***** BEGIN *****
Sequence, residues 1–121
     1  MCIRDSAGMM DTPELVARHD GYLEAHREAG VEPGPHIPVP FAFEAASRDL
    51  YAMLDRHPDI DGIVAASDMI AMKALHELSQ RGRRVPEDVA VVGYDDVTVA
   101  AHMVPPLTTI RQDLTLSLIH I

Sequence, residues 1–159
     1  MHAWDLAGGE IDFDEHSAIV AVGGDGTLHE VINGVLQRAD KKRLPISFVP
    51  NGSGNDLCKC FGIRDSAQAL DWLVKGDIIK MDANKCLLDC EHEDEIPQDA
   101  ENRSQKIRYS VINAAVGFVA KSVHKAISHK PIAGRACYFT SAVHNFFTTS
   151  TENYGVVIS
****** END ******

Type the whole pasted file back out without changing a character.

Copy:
Sequence, residues 1–121
     1  MCIRDSAGMM DTPELVARHD GYLEAHREAG VEPGPHIPVP FAFEAASRDL
    51  YAMLDRHPDI DGIVAASDMI AMKALHELSQ RGRRVPEDVA VVGYDDVTVA
   101  AHMVPPLTTI RQDLTLSLIH I

Sequence, residues 1–159
     1  MHAWDLAGGE IDFDEHSAIV AVGGDGTLHE VINGVLQRAD KKRLPISFVP
    51  NGSGNDLCKC FGIRDSAQAL DWLVKGDIIK MDANKCLLDC EHEDEIPQDA
   101  ENRSQKIRYS VINAAVGFVA KSVHKAISHK PIAGRACYFT SAVHNFFTTS
   151  TENYGVVIS